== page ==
The association between sleep status, chronic pain, and mental health
Aims: To explore the relationship between sleep characteristics (e.g. the presence of snoring/airflow cessation, sleep duration, nap during the day) and the presence of chronic pain (the types, severity and duration of craniofacial pain).
Scientific raoionale: There is a body of literature showing that there is a high comorbidity of craniofacial pain with sleep disorders. The presence of chronic pain often affects the quality of sleep. And the successful treatment of sleep disorders should take the presence of chronic pain into consideration. Regulating pain and sleep can have a broad negative impact on health and well-being. Observational studies have demonstrated the association between sleep quality, obstructive sleep apnea (OSA) and temporomandibular disease (TMD), and primary headaches. However, there are very few studies at the epidemiologic level that have attempted to show whether these findings translate into real-world effects.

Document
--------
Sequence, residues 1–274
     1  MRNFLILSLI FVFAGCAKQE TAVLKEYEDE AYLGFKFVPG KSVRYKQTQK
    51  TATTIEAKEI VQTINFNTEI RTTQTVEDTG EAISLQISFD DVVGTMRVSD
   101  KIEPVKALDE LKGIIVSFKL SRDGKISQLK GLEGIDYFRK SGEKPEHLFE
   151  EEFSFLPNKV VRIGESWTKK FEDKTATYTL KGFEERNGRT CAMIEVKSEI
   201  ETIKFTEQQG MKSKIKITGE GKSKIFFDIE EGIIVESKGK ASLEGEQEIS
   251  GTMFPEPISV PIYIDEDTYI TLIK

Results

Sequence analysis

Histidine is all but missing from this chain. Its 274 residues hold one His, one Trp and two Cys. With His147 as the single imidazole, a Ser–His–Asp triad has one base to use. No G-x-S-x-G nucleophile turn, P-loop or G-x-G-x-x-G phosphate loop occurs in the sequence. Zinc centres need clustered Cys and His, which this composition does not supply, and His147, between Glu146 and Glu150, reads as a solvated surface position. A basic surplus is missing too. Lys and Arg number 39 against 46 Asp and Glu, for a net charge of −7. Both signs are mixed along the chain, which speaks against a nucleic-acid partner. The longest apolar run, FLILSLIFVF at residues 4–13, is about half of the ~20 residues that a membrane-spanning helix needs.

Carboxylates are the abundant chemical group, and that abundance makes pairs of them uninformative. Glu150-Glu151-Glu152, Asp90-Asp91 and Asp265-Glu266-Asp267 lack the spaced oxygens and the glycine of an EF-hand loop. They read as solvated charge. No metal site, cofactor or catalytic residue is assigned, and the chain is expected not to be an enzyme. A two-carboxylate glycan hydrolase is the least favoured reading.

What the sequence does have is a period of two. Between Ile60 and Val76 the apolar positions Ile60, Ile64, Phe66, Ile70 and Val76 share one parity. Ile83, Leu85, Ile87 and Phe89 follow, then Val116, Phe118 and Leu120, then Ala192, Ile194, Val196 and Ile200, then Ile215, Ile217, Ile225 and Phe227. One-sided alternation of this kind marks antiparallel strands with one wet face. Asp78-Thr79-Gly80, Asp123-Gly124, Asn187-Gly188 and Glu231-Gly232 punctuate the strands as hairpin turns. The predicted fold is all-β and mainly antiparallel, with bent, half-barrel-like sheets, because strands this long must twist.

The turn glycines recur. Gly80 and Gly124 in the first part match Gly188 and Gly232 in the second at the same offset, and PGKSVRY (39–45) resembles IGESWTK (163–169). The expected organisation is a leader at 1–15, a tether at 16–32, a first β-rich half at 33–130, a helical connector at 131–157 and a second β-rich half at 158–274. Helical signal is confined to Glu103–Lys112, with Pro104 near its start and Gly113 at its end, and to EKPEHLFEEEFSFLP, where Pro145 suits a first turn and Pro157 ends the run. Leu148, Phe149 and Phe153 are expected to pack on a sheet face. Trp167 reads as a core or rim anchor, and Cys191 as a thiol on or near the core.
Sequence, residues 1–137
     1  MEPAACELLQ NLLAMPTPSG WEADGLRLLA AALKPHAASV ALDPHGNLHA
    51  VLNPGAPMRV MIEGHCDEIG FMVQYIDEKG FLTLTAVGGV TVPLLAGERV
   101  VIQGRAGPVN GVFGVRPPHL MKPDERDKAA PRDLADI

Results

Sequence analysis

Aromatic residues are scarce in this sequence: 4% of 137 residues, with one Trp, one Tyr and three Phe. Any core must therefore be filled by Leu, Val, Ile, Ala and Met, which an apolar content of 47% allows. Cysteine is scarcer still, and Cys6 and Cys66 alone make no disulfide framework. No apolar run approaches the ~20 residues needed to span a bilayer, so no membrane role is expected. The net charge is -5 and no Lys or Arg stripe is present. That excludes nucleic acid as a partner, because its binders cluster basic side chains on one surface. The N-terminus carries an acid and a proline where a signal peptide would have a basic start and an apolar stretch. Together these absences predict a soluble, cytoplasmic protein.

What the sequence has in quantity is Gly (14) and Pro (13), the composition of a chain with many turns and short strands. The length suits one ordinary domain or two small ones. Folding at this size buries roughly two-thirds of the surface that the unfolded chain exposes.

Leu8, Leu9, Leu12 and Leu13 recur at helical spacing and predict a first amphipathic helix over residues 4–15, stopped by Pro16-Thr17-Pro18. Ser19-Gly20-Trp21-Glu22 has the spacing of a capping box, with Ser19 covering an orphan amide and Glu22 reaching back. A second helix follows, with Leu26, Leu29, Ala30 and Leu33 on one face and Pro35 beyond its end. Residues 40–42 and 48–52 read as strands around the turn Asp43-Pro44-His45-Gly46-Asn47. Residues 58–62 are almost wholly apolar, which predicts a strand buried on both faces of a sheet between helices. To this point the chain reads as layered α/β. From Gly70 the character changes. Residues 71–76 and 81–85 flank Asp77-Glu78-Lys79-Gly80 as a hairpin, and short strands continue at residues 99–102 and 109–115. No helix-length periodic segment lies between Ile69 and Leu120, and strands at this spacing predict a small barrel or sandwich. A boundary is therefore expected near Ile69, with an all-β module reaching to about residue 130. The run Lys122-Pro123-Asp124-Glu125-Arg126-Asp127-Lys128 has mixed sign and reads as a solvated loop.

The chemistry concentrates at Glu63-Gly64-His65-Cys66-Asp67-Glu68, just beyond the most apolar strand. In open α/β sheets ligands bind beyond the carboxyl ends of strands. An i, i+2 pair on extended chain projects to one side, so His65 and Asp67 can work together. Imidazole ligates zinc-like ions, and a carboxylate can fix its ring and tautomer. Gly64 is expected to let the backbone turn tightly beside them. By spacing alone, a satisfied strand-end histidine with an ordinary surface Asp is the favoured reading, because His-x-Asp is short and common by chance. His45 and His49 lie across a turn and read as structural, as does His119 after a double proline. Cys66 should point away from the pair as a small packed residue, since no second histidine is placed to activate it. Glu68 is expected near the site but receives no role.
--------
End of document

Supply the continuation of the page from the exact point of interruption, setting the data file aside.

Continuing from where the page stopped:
Project duration: The project will take approximately 36 months to complete.
Public health impact: As a modifiable lifestyle behavior, sleep is vital to human health. And the presence of chronic pain could affect the sleep status at night. Therefore, we wish to investigate (1) the associations between sleep characteristics and chronic pain and mental health [e.g., is sleep disorders associated with chronic pain and mental health?] (2) a potential mediating role of daytime sleepiness [could nap during the day be an improving factor?], (3) a potential moderating role of these relationships on self-reported health outcomes [does the association affect health outcomes?], and (4) whether there is a causal relationship among these factors. This study will leverage the sleep characteristics, chronic pain, mental health and genomic data obtained via the UK Biobank to address an issue of public health relevance that has not been previously examined. This study will be a series of secondary analyses of existing data.